CALEDON, Ontario—Two weeks ago, Yi Cao won the second Canada Life Series tournament in Langford, B.C., and in the process he moved to the top of the Canada Life Series Points Standings. He certainly likes his position and doesn’t seem to be interested in relinquishing his status as the Series’ top player. Wednesday at TPC Toronto at Osprey Valley’s Heathlands Course, the native of China who moved to Canada during his teenage years, fired an opening-round, 7-under 64 to take a one-shot lead over Tyson Turchanski. A quartet of players, Derek Gillespie, Brendan Leonard, Blair Bursey and JJ Regan are at 5-under with 36 holes to play.
Cao is still smiling not only about his solid first-round play and his win two weeks ago but the trajectory of his career and how quickly things changed once the Canada Life Series began.
“With little playing opportunities this year, I was thinking about quitting golf to pursue another career,” Cao said. “The Canada Life Series literally changed my life, and with four events I really can’t ask for anything more.”
Wednesday, under rainy, gloomy but warm conditions that gave way to sunshine later in the day, Cao began quickly on the Heathlands Course’s back nine. He birdied his first two holes of the day then remained in neutral the remainder of his opening nine, making seven consecutive pars. He got things going after the turn, with three consecutive birdies and four in five holes. Cao’s lone bogey of the day came at No. 7, but he atoned for that with closing birdies on his final two holes.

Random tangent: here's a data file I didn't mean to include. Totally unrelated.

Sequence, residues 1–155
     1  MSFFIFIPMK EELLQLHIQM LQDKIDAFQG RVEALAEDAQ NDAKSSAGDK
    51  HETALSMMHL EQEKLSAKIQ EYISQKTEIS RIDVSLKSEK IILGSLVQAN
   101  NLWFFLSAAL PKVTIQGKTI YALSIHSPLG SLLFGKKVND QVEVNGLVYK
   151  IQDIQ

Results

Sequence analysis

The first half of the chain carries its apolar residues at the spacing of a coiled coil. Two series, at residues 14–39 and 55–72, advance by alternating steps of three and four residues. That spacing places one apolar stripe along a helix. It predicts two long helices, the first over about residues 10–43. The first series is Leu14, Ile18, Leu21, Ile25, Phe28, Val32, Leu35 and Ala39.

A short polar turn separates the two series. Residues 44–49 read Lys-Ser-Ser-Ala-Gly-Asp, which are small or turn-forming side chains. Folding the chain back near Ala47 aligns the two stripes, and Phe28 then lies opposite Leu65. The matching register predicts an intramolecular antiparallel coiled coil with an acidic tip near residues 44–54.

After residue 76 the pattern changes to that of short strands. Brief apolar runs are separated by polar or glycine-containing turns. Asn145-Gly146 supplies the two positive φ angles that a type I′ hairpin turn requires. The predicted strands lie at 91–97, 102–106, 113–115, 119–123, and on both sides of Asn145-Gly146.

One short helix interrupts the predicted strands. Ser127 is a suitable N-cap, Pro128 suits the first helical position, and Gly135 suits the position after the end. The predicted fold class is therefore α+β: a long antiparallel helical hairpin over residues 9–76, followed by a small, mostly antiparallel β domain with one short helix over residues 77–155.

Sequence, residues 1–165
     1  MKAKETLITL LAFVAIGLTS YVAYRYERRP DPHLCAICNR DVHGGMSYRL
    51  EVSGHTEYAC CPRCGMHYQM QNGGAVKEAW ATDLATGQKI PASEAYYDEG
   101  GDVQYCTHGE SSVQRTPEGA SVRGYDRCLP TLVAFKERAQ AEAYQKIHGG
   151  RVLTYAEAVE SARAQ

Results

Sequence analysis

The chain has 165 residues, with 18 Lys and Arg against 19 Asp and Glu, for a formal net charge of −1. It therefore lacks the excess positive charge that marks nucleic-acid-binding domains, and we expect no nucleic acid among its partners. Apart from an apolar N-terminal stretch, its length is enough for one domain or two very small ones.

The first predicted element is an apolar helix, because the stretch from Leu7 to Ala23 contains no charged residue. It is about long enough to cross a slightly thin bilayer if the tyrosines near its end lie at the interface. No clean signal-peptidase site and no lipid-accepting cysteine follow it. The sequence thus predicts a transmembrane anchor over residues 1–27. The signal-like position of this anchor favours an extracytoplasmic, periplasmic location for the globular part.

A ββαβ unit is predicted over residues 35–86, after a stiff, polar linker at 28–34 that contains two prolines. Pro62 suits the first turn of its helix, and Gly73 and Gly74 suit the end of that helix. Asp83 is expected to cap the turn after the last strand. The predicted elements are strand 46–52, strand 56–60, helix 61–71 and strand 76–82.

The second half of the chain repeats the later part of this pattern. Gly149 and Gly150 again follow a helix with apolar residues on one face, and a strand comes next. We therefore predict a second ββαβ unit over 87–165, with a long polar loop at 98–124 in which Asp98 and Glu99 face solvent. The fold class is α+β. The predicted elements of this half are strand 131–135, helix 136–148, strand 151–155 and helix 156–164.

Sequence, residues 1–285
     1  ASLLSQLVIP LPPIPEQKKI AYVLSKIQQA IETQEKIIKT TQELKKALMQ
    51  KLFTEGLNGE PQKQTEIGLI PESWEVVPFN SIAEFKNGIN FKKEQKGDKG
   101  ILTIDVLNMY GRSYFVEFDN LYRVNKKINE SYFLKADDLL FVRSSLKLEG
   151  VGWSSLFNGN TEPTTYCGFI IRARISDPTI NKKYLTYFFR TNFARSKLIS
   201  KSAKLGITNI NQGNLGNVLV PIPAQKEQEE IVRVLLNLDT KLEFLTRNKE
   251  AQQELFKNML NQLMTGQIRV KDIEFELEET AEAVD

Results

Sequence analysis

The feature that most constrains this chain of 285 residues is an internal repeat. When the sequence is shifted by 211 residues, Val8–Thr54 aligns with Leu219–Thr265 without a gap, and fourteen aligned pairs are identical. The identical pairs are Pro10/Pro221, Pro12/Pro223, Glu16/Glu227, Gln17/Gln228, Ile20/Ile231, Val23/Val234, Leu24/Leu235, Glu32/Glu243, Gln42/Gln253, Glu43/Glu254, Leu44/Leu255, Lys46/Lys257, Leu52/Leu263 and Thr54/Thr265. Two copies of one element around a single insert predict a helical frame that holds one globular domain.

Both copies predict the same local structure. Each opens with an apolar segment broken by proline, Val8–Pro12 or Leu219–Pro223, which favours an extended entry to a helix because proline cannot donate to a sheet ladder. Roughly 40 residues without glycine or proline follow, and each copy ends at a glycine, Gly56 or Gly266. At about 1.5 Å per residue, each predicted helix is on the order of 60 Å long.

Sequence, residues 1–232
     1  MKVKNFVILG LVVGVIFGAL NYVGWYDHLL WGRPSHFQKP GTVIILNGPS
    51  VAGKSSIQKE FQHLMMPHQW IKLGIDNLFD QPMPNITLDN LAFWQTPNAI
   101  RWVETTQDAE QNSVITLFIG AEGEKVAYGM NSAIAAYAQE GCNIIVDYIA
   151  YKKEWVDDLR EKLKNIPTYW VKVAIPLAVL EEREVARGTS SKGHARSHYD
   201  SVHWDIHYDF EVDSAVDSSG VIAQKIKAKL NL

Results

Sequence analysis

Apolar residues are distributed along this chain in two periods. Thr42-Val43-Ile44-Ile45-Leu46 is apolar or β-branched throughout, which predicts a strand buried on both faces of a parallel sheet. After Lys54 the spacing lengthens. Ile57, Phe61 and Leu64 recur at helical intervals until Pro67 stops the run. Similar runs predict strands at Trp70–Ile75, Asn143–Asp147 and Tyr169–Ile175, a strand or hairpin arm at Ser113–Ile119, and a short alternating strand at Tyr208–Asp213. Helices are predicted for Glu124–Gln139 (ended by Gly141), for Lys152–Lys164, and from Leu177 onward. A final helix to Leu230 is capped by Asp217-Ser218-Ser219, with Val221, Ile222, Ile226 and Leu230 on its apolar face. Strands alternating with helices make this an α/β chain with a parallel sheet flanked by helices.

Even after one round, Cao, a winner on PGA TOUR China-Series in addition to his breakthrough Canada Life Series triumph, is not necessarily thinking ahead.
“I try not to think about the benefits of winning the Canada Life Series,” Cao said of what’s afforded the Points Standings champion—conditional 2021 Mackenzie Tour status and a start in the 2021 RBC Canadian Open. “The most important thing for me is to stay positive and accept the result.”
Turchanski had a clean scorecard Wednesday, with six birdies—three on each TPC Toronto nine. He couldn’t have gotten off to a much better start as he birdied the first three holes of the tournament. Turchanski also closed in style, making a pair of birdies at Nos. 17 and 18.
Bursey, a former Utah Valley University golfer, joined the group at 5-under but looked like he might even hold the lead the way things were going on his opening nine and as he made the turn. Yet after making birdies on his 10th, 11th and 12th holes of the day (TPC Toronto’s Nos. 1-3), Bursey made six consecutive pars as he stalled at 5-under.
“I think the biggest thing for me is my coach and I were working on some stuff that would help long-term, and I’m just trying to get comfortable with those changes,” said Bursey, who seemed plenty at ease in the opening round. “I want to see how it maybe changes my approach, mostly in terms of hitting it farther.”